Endodontics (Root Canal)

When there is nerve damage or an infection (abscess) in or around your tooth, you may need to have a root canal performed. Sometimes, you will not experience any symptoms, however people typically find one or more of the following symptoms: abscess or "bump" on the gum; sensitivity to hot and cold; severe toothache; and swelling or tenderness in the mouth.

You might think that having the tooth extracted will solve your problems, but removing a tooth will end up costing you more money in the long run, and cause problems to the surrounding teeth.

While the treatment is generally painless, swelling and discomfort can occur after the therapy, although pain is manageable through the use of antibiotics and/or painkillers. A crown, usually made of porcelain, is recommended after the tooth is treated due to the high risk of the tooth fracturing.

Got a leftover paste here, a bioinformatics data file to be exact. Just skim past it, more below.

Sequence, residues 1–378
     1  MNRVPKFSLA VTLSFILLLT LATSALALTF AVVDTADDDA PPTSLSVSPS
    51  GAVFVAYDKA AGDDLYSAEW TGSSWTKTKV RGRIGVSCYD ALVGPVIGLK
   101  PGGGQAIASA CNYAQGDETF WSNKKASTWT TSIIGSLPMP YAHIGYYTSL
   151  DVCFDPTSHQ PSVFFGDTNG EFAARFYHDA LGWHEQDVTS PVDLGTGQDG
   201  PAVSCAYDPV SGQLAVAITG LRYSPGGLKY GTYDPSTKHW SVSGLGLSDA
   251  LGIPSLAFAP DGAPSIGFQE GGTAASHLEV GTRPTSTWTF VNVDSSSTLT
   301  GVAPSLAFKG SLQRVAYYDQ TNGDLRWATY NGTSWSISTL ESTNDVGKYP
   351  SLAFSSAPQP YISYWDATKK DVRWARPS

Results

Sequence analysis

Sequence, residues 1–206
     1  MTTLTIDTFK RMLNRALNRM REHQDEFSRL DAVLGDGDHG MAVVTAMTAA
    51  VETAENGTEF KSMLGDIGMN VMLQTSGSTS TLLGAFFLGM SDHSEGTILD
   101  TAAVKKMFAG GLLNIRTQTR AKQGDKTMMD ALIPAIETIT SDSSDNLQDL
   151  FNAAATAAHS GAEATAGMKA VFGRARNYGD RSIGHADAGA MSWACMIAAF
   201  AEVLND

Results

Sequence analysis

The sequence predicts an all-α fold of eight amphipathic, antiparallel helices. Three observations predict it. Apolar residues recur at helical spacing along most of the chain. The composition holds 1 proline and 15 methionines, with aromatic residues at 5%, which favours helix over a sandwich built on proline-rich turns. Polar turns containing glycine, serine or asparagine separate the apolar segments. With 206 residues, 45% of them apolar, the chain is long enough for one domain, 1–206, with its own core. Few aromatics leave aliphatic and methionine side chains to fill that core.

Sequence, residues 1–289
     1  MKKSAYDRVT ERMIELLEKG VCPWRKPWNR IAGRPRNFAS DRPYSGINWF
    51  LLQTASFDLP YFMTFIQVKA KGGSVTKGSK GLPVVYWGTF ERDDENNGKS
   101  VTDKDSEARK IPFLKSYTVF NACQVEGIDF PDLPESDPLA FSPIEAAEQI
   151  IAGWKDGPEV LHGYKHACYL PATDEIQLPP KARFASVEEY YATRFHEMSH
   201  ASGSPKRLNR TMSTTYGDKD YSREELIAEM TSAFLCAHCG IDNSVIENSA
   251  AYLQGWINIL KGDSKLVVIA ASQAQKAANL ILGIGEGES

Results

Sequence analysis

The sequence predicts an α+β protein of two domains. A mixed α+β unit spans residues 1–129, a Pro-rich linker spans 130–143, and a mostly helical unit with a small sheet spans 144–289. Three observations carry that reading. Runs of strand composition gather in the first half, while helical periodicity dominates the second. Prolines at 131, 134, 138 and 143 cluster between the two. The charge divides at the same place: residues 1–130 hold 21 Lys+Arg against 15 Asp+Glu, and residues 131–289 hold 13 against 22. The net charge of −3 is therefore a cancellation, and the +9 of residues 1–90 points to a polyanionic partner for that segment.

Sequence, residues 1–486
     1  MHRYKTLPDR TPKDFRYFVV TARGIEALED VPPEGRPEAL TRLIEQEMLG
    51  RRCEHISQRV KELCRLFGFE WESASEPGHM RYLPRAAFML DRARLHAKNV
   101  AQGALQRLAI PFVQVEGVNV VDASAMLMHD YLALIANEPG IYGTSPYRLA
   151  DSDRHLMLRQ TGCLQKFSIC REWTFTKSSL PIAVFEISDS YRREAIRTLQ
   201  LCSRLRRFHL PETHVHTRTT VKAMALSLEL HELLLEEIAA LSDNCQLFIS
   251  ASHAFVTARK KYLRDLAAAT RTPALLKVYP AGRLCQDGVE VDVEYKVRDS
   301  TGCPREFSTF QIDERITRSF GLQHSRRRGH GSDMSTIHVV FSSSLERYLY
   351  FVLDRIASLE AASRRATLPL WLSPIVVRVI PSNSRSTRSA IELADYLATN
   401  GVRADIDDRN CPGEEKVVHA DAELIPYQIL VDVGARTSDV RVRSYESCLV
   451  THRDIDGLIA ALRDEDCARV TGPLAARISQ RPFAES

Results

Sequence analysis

Root canal therapy is very successful, and the results will last a lifetime. The only time you will need to come see us again, is if you develop new infections in the same tooth. In this case, the tooth will need to be retreated.

Root canal treatment is the removal of the tooth's pulp, a small, thread-like tissue in the center of the tooth. Once the damaged, diseased or dead pulp is removed, the remaining space is cleaned, shaped and filled. This procedure seals off the root canal.

Years ago, teeth with diseased or injured pulps were removed. Today, root canal treatment saves many teeth that would otherwise be lost